Grand Futures: Students encouraged to celebrate 4/20 sober
With April 20 coming up Friday, it’s a perfect time to remind parents, teachers and youth-workers that conversations around marijuana should be ongoing and should start before they are exposed to it by their peers. April 20th, or 4/20, is the unofficial cultural holiday to indulge in the use of marijuana.
Because it is widely celebrated, it’s a vulnerable time for youth. Communication is vital, and parents actually have more influence than they may think.
Not only are our youth smoking marijuana, but they are eating, vaping and dabbing it.
Dabbing is where heavily concentrated marijuana is smoked on an extremely hot metal object that has been heated by a blowtorch. Marijuana can even be injected into popular tobacco vaping devices such as the JUUL e-cigarette, which looks similar to a USB drive.
According to the Marijuana Education Initiative, adolescent brains undergo specific transitions in their prefrontal cortex and limbic system. These areas of the brain and transitions are responsible for the development of self-regulation, emotions, behaviors and motivation. Toxic substances such as drugs, alcohol and tobacco can harm the formation of these areas of the brain which are continuing to develop until age 25.
Co-founder of MEI Molly Lotz advises, “Inform yourself before having the conversation with your child about marijuana use.”
Having the facts and keeping your conversation authentic is the best way to get through to kids about substance abuse. Try to stay away from fear-based tactics, as they’ve been proven ineffective and often have the opposite result. It is advised to have ongoing conversations and provide reasons why marijuana use could be harmful and negatively impact future goals and aspirations.
With the knowledge of how youth are consuming marijuana comes the responsibility for parents to know the various forms of paraphilia and where to look for it in their child’s environment. MEI provides a free and downloadable parent guide on marijuana that provides facts and talking points to start the conversation and how to keep it going.
Speaknowcolorado.org is another resource for tips and tools to talk to kids about drug, alcohol and tobacco use, as well as facts about various substances. It is advised to start the conversation about two years before peer exposure, which can vary depending on the community.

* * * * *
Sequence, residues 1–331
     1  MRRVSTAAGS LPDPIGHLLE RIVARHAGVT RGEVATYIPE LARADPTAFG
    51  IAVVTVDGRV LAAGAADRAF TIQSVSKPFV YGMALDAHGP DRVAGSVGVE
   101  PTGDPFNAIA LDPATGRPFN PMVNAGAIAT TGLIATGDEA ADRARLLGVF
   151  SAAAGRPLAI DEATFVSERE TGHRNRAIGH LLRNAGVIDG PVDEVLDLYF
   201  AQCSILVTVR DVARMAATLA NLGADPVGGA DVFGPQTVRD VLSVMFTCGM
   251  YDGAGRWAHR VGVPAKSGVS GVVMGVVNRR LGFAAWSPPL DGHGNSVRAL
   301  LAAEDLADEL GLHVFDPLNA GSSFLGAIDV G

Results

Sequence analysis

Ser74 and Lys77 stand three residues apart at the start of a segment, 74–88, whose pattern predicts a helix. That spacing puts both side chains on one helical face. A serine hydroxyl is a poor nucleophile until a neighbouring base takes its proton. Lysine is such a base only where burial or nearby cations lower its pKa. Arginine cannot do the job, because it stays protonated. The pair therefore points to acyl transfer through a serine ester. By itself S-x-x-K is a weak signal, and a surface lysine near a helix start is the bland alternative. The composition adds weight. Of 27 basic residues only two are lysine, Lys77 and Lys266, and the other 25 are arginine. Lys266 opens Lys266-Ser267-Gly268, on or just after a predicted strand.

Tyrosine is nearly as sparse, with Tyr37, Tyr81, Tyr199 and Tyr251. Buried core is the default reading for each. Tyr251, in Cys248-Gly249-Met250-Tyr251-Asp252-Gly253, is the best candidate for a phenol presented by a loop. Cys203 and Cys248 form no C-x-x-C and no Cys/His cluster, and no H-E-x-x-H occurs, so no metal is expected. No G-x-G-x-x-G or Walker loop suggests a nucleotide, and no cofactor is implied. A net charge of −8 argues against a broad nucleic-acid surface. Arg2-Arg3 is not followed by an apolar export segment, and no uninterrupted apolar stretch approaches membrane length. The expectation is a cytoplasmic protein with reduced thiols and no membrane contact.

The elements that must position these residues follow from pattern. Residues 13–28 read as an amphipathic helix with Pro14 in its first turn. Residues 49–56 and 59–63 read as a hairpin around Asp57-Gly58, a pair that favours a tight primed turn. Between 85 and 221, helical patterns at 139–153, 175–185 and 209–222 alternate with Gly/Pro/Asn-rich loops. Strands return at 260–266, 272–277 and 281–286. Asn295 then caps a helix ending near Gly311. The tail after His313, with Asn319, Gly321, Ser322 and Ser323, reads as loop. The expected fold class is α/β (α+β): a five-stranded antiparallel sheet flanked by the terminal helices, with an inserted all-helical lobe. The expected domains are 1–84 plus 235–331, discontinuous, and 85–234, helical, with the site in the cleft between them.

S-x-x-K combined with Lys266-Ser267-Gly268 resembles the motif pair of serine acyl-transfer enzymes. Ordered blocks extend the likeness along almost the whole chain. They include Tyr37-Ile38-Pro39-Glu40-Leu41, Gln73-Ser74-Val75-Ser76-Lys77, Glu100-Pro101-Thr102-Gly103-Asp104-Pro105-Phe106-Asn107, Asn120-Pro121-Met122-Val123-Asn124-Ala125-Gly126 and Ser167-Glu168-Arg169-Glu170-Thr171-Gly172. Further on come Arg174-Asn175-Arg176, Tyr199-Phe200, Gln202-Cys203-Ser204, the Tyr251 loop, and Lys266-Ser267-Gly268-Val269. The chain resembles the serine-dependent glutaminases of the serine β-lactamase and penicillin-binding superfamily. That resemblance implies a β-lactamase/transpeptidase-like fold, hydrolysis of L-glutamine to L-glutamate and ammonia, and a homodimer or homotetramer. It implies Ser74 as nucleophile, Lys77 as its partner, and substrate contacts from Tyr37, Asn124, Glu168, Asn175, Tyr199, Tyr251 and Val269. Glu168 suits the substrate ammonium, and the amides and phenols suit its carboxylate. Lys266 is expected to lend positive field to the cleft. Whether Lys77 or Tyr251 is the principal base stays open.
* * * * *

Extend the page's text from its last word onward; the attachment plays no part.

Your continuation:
For Routt County, it is suggested to start the discussion in the summer months between fourth and fifth grade.
Tips to keep the conversation going (speaknowcolorado.org)
• Talk through scenarios. Provide kids with a good example of when they may encounter alcohol or drugs — and peer pressure — can help them think through how to respond.
• Listen with an open mind. Embrace your child’s point of view and taking it seriously encourages them to see that your advice is based on true understanding.
• Be clear. Clearly establish that you will not tolerate certain behaviors that can put their health and safety at risk.
• Help them identify healthy alternative activities. Encourage your child to surround themselves with positive peer influences and activities provides them with a like minded support group to turn to when faced with a high pressure situation.
Best Joint in Town
Looking for a safe, sober and free 4/20 event for your kids? Join Sk8 Church at 6 to 10 p.m. for a ’90’s themed“4/20 Bash. The event includes a munchie bar, live music and, of course, a skate competition, open to teens 12 and older. The event will be held at Sk8 Church, 2851 Riverside Plaza, in partnership with Grand Futures, Music with a Vision, Backdoor Grill, Milk Run and Urbane.
Lexi Miller is the Tri-County administrator at Grand Futures.
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Editor’s Note: This is part 1 of a 2-part series. Part 2 outlines non-surgical and surgical treatment options for hip injuries.